Blog: Tom Rieke

Good things come to those who believe in serendipity. Tom Rieke, president of Ann Arbor creative consultancy Q LTD, writes this week on a fortuitous international alignment of Qs and why being "blur" is good for business.

Planetary Coincidence

There are many powerful forces in the world. Some, like greed and guilt, are sad and destructive. Others (gravity and time, for example) are essential elements of existence. My favorite powerful force is coincidence.

Last year, Q's partner agency in Germany, Q GmbH, created a tribute to my favorite force: A Calendar of Coincidence (Zufallskalendar). The calendar was created for a paper company. Everything about it was produced by random chance: concepts, colors, design, typefaces, paper, printing, even the order in which the months appear. It's totally brilliant, and not just according to me. The Zufallskalendar has received several international design honors, including a 2011 European Design Award.

Of course, not all coincidences are happy. Some are dangerous, even deadly. We should all do what we can to avoid random catastrophes. That's why we have insurance. But we should also welcome the possibility that serendipity might blossom into good friendships, mutually beneficial business associations, surprising insights, or beautiful adventures.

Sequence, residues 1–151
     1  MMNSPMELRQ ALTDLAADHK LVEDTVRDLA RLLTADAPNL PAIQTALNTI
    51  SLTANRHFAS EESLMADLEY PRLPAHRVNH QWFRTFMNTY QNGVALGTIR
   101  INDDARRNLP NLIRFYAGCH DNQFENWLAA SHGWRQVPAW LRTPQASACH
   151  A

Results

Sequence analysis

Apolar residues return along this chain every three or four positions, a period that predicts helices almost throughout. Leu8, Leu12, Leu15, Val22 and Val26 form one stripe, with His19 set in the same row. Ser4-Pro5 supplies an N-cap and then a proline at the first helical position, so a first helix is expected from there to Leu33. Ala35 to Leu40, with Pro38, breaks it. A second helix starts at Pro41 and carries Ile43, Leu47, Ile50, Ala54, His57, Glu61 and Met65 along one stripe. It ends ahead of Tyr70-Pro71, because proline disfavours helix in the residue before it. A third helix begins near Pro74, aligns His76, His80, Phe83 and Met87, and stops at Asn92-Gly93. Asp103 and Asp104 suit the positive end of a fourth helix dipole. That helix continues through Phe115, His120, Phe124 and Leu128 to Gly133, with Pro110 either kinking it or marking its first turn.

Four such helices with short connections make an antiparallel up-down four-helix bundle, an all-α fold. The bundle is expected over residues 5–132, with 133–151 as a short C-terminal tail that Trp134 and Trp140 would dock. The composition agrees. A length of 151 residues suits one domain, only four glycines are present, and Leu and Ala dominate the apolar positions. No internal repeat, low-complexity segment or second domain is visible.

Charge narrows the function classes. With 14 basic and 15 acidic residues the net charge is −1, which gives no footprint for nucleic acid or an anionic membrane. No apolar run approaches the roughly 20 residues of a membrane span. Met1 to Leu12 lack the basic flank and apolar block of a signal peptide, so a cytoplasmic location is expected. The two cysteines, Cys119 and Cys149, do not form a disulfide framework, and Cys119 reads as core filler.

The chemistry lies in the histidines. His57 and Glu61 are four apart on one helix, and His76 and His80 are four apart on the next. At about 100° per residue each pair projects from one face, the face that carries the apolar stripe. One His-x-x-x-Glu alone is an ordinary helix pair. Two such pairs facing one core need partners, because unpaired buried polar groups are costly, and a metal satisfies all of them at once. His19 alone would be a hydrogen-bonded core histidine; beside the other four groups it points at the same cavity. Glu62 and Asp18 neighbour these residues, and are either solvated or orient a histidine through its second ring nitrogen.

Q's original name was Quorum. Thirty years ago, we decided that was the perfect name for a firm that offered design and editorial services, and we promoted ourselves as "the group without which business cannot be conducted". In the mid-1990s, after two of the three founders moved on to other pursuits, we decided it was time for a new name. Name creation was something we were good at. We had created successful names and graphic identities for several companies or products. But renaming ourselves was our biggest challenge yet. After months of brainstorming and debating and designing and testing, we threw out our long list of options and shortened our original name to a single, enticing letter: Q. The full name became Q LTD.  

Two years later, two young designers in Wiesbaden (on the Rhine, 40 kilometers west of Frankfurt), formed a new creative agency. Because their surnames, von Debschitz and Nielbock, did not offer attractive possibilities for their company name, and because it implied "quality" (Qualität), they adopted their favorite letter and became Q GmbH.  

They didn't know about us, and we didn't know about them, so this Q coincidence remained a quiet fact until 2003, when I received an email message, in excellent English, from a German designer who said that some work by his company, Q, was presented in a recent design publication, and he noticed that some work by another Q (ours) appeared on a nearby page.  

The message was a polite, respectful letter of introduction. But my first thought was typically American: "I suppose I need to sue this guy for using our name (trademarked in the US) in the same business." A few days later, I decided to remain calm, at least briefly, and send a polite, respectful response.